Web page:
In the dialog box that appears, look at Recording Attributes and make sure the settings read as follows: 44,1000 Hz (sample rate), 16-bit (sample size), and Stereo. If you want other settings, simply click New and set them accordingly.
Check the Monitor box to have the meters display the input level (see Figure 2.7).
With your tape cued to the loudest section of the piece of music you are converting, start your source audio. Watch the vertical lights reflecting the input levels coming in to the waveform editor. Make sure the lights stay green. Red lights mean the input signal might be too loud and could distort the file. If necessary, change the input level to ensure a smooth recording. Numbers above the input levels tell you the peak level reached. These numbers need to remain negative to ensure that distortion doesn't occur. Use the standard Windows Volume Control application to adjust the volume accordingly. To open Volume Control, go to Start, Programs, Accessories, Entertainment, Volume Control. After you have Volume Control open, go to Options, Properties and select Recording in the Adjust Volume For section of the dialog box. Select the appropriate input device (in this case, use Line Input). Adjust the volume slider until the input level lights are green again (see Figure 2.8).
You can also use the Volume Control utility that came with the software included in your soundcard. This piece of software might have more features, and you might find it easier to use than the Windows Volume Control application. Either way, changing the settings on the former also changes the settings on the latter.
Position your source audio to the start of the song.
Back in SoundForge, in the Record dialog box, click Prepare. A blinking green box will say [Prepared] and show recording time available on your hard drive.
Start your source audio and then press the big glowing red Record button. Input level meters, elapsed time recording, and time left on drive are shown in the dialog box. The [Prepared] blinking green light changes to a blinking red [Recording] (see Figure 2.9).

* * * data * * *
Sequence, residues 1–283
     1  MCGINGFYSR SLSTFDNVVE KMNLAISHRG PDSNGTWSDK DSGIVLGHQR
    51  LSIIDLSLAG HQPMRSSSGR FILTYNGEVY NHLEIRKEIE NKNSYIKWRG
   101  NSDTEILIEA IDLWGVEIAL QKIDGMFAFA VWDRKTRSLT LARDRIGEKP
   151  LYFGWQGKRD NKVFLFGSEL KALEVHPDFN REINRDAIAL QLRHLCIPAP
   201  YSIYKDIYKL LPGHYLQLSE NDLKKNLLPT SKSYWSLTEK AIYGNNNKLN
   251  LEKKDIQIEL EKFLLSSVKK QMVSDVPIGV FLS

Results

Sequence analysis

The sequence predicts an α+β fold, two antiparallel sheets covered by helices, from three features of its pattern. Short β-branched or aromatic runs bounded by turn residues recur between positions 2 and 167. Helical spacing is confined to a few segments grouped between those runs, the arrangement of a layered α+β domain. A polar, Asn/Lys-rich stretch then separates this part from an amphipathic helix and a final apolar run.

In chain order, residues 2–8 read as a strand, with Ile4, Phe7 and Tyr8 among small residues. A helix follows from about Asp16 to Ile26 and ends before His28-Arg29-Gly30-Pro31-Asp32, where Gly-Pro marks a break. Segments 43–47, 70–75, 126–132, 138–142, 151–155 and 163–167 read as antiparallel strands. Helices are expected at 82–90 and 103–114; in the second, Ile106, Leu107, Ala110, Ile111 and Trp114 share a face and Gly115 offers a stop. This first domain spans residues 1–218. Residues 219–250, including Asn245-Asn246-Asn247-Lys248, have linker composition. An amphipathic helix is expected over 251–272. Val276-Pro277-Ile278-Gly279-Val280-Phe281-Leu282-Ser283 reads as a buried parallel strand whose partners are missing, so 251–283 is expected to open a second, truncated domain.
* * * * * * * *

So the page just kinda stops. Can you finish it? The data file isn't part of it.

At the end of the song, stop the source audio and press the Stop button in the Recording dialog box. Save your completed WAV file to your music folder (naming it ending in .wav). The uncompressed WAV file is now ready to be manipulated in any number of clever digital ways.
Figure 2.7 Select Monitor in SoundForge's recording window.
Figure 2.8 The default Windows Volume Control Panel in Recording mode.
Figure 2.9 Click SoundForge's glowing red Record button to start recording.
Step-by-Step: Converting from an Analog Source to a Digital File Using a Waveform Editor (Peak for Macintosh)
Plug your audio source stereo RCA outputs into the stereo 1/8'' miniplug input on the back of your Macintosh. (Refer to the section titled "Cabling" earlier in this chapter.)
Position the start point of your source audio.
Open Peak on your Macintosh computer (see Figure 2.10).
In Peak, select Audio, Record Settings. Within the Record Settings dialog box, set the file format to AIFF. Click Device and Sample Format, and within that dialog box, choose 44.1KHz sample rate, 16-bit sample size, and Stereo. Set Compression to None. Set Source to the computer audio input connected to your analog source. (In this case, choose Sound In.)
Still in the Source pop-up, and with your source audio cued to the loudest section of the piece of music you are converting, start your source audio. Watch the horizontal lights reflecting the input levels coming into the volume setting panel. Make sure the lights stay green. Red lights mean the audio input is too loud and will distort the file. If necessary, move the Gain slider to adjust the input level and ensure a smooth recording (see Figure 2.11).
Click OK to exit Record Settings.
Position the start point of your source audio.
In Peak, go to Audio, Record ( +R or click the Record button on the main toolbar). A Record dialog box appears.
Click the Record button on this dialog box. Start your source audio. You'll see the waveform displayed in the Record box while the song is playing. It tells you how much available record time is left on your hard drive. When the song is finished, click Stop on your computer, and then stop the source audio (see Figure 2.12).
Enter the filename and save it into your music folder as prompted by Peak. Peak requires saving to the same drive onto which the audio was recorded.
An AIFF digital file is now yours to command.
Figure 2.10 Set the correct settings in Peak's Record Settings window.
Figure 2.11 Set the volume gain accordingly.
Figure 2.12 Click Peak's record button to begin recording your song.
Converting to the Necessary Digital File Format (Macintosh/AIFF and Windows/WAV)
You can use your waveform editor to convert digital sound files to different file formats (AIFF to WAV and vice versa). Both SoundForge and Peak will read and play both AIFF and WAV files, among others. Use your waveform editor to Save As in your chosen digital file format.